The Maréchal-duc de Richelieu, grand-nephew of Cardinal Richelieu, appointed governor of Guyenne in 1755 is a Freemason. He asked the architect Victor Louis , affiliated in 1775-1779 to the lodge “Française de l’Orient” in Bordeaux, to build the Grand Théâtre. The first stone was laid on April 13, 1776 , a symbolic stone as the theatre was already under construction for 3 years by Louis-Philippe d’Orléans then Grand Master of French masons. Built between 1773 and 1780 on the glacis of the Trumpet castle on the site of the Gallo-Roman forum where the temple of the Pillars of Trusteeship was located, named after the goddess Tutela, protector of the city.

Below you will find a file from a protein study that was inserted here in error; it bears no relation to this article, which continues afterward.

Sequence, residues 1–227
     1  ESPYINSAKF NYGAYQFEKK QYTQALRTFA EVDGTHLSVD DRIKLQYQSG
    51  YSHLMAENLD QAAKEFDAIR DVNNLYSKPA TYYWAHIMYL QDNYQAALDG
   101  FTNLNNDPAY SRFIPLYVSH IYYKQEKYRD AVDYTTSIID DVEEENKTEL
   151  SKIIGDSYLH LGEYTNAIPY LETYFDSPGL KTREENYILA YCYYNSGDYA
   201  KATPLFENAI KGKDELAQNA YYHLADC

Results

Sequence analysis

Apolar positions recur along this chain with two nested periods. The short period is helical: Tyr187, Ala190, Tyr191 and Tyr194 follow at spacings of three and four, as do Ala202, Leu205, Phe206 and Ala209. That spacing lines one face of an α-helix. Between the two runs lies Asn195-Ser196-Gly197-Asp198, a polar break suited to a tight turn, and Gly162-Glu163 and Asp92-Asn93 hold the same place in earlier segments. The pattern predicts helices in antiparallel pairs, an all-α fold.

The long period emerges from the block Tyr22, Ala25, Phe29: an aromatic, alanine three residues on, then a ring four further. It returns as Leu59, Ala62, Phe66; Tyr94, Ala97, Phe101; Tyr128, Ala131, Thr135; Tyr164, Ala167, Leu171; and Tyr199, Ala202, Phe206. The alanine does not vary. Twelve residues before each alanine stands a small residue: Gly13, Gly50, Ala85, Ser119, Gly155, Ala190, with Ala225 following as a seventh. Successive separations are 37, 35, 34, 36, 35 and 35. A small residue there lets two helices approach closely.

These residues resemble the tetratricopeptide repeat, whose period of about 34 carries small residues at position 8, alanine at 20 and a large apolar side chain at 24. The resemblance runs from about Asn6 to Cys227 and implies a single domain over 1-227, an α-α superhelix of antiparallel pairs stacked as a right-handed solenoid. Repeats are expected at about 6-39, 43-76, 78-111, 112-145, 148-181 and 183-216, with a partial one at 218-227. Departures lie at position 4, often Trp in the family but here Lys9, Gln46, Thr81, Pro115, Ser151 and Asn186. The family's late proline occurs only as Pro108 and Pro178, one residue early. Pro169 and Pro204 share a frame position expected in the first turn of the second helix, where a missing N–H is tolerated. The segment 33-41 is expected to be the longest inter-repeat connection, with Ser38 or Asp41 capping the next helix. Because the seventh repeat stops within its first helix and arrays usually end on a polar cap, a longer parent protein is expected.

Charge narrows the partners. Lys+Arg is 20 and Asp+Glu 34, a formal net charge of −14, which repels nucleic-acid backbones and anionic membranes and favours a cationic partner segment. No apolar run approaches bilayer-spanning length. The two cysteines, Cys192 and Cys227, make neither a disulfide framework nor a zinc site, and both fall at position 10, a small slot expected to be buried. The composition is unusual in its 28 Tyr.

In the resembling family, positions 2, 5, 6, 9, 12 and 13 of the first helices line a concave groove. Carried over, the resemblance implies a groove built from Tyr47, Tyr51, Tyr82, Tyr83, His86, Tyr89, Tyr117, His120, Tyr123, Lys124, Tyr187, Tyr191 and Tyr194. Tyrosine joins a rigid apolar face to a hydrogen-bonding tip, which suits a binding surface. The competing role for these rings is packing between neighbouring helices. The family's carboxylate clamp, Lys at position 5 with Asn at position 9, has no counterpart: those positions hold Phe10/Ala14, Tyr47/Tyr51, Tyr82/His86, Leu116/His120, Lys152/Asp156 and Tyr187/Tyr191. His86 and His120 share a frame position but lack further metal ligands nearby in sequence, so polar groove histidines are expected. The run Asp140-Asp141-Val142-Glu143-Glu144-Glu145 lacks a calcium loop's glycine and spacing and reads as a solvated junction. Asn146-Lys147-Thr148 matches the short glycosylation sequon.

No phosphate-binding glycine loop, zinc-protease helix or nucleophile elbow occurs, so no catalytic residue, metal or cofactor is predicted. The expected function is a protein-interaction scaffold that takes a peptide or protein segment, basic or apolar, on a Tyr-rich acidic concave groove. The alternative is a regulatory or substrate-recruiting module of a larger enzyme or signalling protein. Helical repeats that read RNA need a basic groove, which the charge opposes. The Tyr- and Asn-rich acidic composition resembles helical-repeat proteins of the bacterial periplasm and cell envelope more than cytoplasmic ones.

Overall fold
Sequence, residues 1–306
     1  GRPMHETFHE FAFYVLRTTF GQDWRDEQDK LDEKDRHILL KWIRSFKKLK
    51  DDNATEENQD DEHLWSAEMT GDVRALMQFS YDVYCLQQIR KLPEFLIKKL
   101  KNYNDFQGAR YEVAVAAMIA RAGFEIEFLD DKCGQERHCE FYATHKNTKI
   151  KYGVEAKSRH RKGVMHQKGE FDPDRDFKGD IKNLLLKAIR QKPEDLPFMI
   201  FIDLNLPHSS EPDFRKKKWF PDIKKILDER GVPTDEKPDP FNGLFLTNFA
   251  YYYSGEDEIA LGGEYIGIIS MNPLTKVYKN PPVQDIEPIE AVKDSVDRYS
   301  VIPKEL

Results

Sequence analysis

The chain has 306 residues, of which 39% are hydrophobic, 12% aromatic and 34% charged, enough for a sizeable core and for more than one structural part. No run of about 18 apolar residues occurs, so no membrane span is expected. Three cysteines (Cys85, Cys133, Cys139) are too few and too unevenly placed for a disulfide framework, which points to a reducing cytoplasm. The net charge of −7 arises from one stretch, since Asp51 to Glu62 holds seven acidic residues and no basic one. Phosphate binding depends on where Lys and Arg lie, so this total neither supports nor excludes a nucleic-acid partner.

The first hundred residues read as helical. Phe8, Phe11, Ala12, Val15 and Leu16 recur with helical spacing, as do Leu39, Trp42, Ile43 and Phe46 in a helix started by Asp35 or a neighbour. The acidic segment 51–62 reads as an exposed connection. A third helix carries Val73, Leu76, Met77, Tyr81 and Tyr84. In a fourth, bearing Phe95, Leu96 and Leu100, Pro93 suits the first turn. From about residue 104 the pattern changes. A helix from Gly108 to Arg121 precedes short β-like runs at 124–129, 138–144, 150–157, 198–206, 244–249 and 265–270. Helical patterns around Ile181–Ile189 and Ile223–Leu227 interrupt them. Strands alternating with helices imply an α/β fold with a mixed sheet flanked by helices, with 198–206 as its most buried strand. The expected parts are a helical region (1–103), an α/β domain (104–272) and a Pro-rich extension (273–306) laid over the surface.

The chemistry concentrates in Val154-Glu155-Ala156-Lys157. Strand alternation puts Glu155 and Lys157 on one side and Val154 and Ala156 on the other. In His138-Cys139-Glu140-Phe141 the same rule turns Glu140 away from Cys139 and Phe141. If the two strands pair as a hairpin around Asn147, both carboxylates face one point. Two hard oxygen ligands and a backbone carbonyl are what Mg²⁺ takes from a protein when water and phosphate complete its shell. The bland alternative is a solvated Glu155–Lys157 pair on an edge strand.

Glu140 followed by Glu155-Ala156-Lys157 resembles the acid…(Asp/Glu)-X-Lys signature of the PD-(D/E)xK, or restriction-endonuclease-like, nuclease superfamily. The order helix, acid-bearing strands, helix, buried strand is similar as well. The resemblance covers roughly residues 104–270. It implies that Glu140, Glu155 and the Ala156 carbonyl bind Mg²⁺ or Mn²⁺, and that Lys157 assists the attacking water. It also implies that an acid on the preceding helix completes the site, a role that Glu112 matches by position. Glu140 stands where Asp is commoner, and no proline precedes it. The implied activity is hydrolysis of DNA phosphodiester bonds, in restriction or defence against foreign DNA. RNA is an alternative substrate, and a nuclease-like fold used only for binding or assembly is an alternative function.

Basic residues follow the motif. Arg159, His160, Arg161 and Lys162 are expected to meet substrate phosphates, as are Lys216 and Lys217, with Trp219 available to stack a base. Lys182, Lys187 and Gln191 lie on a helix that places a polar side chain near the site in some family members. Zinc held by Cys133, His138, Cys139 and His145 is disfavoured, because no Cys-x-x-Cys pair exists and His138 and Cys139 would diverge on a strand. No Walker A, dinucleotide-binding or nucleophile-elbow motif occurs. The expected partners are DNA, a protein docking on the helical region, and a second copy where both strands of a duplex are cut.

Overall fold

The gallery of the main facade consists of a flat box vault. In order to recover the forces at the ends of the gallery, the two extreme boxes have stones cut diagonally and metal tie rods put in place an iron frame in the two corner boxes, not visible, in order to connect the columns and the architrave on the facade wall. This innovative constructive device allows the forces to be transferred to the side walls and thus avoids the construction of a abutment. This principle, similar to that of future reinforced concrete, is called Louis’ nail. Indeed, the exteriors of the Grand Theater are designed as a space for entertainment and walks with shops in the north and south wings, three cafes, eleven apartments and street vendors who settled between the columns. Initially, the Place de la Comédie was on the same level as the Grand Théâtre. It was in 1848 that the external staircase was created with the lowering of the level of the Place de la Comédie. 88 meters long, the peristyle of the facade is supported by twelve Corinthian columns. These are maintained by an internal metal frame. The cornice is surmounted by 12 stone statues with a height of 2.3 meters with 3 goddesses Juno, Venus, and Minerva; and the 9 muses Euterpe, Urania, Calliope, Terpsichore, Melpomene, Thalie, Polymnie, Érato,and Clio.